Tonight, players met in the NBA bubble to discuss the situation. NBA Insider Shams Charania said tonight that the Lakers and Clippers voted to end the NBA season. Lakers star LeBron James reportedly walked out of the meeting, joined by players from both L.A. teams. According to NBA writer Vince Goodwill, his frustration stemmed in part from the fact that the Bucks initiated the boycott without letting others know. Further action will be taken tomorrow, at the Board of Governors meeting.

Making Sense of a Madcap Weekend

By Terrance Turner

On Saturday night, I was watching CNN’s coverage of the South Carolina primary when I learned that Tom Steyer was dropping out of the race. While surprised, I eventually saw the event in more pragmatic terms. I never expected Steyer to become the nominee, and spending millions of dollars on South Carolina only to finish a disappointing sixth place was all the justification I needed.

I never thought that would be merely Round 1 of a crazy 48-hour news cycle.

I had just gotten home from a family friend’s house (where I’d been watching the Houston Roughnecks game!) when I learned that Pete Buttigieg was dropping out, too. I was stunned. Buttigieg had done well in both Iowa and New Hampshire, and he was the youngest remaining candidate in a field whose graying had been well-documented. I listened to his speech, recorded some portions, and gradually absorbed the news.

It was no more than two hours before I realized that the Lakers/Pelicans game was on, and I tuned in to that. Obviously, with LeBron James on one team and Zion Williamson on another, the draw was undeniable. I had never seen Williamson play before, and March 1 was a good time to watch: Zion scored a career-high 35 points. But what really stood out to me was his incredible size: Zion, who is 19 (!!!), is 6’7″ and reportedly weighs 285 pounds. Watching him next to LeBron and Dwight Howard was wild.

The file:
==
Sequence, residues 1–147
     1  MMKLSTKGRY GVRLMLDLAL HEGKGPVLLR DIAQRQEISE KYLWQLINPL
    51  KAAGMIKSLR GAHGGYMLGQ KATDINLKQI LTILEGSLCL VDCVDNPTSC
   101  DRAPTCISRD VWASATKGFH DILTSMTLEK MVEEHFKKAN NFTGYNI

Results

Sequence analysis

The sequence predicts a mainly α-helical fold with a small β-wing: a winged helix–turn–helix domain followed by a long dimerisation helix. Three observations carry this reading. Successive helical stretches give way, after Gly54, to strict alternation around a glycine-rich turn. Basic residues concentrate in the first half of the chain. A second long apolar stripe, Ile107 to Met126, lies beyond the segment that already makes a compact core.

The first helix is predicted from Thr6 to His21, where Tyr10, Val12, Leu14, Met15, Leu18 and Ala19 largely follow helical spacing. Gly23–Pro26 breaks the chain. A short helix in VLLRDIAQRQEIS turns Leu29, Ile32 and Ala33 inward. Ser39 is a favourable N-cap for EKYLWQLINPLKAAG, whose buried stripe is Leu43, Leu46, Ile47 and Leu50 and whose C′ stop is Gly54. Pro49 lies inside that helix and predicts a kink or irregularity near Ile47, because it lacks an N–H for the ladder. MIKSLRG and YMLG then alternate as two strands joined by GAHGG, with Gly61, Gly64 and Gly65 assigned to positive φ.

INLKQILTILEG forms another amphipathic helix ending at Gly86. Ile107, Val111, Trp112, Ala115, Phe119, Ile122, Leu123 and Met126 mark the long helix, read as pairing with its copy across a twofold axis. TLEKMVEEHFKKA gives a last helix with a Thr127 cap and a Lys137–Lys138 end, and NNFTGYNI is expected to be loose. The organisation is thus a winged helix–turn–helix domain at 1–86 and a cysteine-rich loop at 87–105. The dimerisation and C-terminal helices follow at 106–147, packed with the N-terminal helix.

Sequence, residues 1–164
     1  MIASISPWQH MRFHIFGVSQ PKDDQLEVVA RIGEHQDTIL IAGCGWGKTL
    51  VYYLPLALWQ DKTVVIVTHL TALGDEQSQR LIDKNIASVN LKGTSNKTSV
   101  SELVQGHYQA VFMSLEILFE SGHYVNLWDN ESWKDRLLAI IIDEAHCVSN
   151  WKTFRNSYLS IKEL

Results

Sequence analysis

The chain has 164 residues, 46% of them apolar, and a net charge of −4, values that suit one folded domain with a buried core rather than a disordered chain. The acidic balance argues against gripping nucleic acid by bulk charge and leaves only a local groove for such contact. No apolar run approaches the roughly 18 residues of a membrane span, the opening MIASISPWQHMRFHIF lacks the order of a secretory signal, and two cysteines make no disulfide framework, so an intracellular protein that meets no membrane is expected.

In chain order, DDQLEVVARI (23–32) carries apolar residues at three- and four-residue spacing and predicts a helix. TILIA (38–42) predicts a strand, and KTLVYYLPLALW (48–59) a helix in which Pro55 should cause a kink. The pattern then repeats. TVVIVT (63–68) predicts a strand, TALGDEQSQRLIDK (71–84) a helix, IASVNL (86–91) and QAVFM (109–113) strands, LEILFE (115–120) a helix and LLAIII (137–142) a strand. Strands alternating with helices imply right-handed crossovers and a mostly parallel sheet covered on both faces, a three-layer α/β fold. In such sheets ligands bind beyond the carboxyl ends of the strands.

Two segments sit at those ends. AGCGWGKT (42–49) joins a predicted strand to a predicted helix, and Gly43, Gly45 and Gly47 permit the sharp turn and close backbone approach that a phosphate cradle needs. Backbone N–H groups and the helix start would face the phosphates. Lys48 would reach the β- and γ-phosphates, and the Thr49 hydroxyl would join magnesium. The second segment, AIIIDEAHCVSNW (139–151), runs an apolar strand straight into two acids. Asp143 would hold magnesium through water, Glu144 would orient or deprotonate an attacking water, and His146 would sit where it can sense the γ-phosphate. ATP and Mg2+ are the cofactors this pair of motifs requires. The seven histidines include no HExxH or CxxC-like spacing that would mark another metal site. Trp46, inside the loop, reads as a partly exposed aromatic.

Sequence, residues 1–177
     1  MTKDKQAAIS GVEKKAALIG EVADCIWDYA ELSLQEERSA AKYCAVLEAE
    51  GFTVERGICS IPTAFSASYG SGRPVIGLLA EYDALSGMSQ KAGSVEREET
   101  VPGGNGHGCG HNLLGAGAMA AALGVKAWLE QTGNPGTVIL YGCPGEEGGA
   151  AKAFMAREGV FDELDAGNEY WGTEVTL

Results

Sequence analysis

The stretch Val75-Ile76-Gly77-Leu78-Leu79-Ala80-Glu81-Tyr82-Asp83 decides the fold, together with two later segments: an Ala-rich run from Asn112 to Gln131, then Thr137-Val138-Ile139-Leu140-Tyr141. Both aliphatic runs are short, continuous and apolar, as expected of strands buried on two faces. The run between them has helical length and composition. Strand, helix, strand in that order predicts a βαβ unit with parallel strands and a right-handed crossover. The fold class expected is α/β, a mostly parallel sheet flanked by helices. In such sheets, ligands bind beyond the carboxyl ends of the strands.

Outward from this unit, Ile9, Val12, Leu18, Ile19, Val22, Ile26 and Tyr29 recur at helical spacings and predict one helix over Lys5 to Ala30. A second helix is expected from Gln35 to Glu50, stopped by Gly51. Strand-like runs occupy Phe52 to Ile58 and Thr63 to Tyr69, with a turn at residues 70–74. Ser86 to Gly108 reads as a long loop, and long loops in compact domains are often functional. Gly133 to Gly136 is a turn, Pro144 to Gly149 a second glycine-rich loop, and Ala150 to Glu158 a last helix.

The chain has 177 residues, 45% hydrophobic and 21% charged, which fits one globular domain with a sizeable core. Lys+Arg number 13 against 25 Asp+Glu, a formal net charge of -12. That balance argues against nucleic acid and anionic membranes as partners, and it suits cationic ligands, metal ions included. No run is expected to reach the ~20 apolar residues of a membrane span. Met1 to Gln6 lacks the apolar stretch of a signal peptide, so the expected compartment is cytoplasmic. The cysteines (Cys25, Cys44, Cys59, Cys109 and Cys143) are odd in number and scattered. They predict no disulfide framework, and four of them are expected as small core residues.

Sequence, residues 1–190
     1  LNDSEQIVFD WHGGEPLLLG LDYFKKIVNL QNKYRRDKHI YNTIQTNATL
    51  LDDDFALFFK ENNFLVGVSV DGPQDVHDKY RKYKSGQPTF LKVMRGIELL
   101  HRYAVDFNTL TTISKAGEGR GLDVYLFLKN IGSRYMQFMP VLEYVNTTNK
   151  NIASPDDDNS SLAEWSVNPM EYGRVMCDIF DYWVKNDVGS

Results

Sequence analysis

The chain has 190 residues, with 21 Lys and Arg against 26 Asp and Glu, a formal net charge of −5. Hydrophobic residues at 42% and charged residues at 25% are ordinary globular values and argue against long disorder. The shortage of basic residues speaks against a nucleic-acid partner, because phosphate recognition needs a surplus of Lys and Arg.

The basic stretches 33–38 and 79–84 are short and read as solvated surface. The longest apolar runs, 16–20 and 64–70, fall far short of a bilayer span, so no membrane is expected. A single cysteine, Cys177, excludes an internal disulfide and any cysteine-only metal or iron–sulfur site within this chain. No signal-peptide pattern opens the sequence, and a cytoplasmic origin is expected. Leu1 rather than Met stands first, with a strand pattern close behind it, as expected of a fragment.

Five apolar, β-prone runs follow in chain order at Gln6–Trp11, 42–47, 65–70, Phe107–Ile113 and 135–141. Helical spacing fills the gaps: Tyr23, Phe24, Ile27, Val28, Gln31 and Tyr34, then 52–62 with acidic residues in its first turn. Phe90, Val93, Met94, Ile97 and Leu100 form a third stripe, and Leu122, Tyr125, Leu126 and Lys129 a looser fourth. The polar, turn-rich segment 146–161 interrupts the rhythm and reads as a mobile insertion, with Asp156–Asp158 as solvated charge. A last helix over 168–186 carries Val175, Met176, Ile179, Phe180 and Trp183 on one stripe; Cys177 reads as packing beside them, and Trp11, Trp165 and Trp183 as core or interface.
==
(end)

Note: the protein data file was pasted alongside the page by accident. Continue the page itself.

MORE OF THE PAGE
This morning, I learned that Joe Biden was coming to Texas Southern University. Biden was visiting the College of Science and Technology at 12:30, I was told. I was en route to the event when I learned that Sen. Amy Klobuchar was dropping out of the race, too! Not only is Klobuchar suspending her campaign, she apparently will be endorsing Biden tonight at a rally in Dallas.

So, in 48 hours, we have:

  • Tom Steyer dropping out of the presidential race.
  • Biden winning the South Carolina primary.
  • The Houston Roughnecks narrowly winning on Sunday.
  • Pete Buttigieg dropping out.
  • Lakers edge Pelicans in high-powered game.
  • Amy Klobuchar dropping out.
  • Joe Biden making campaign stop in Houston.

I haven’t even MENTIONED the NFL Combine this weekend (which I couldn’t watch because I don’t have NFL Network) or #RHOA. (So interesting how Kenya Moore will call you the C-word, crash your event with a drumline, and talk about your man, your money, your momma AND your child. But when Marc Daly is around she’s as sweet and meek as humble pie. Interesting.)

I will be elaborating further on some of the above items in subsequent entries.

As a journalist, I’ve been giving some thought to “framing”, or the process by which news organizations decide what is important/timely/pressing enough to make the news. Lately, this has been challenging for me; everything seems to be happening at once, and I log on to write about one thing and find out about three more. Just like last Monday, I’m overwhelmed by a variety of surprising and simultaneous stories. Is this a fluke? Or is this my new normal?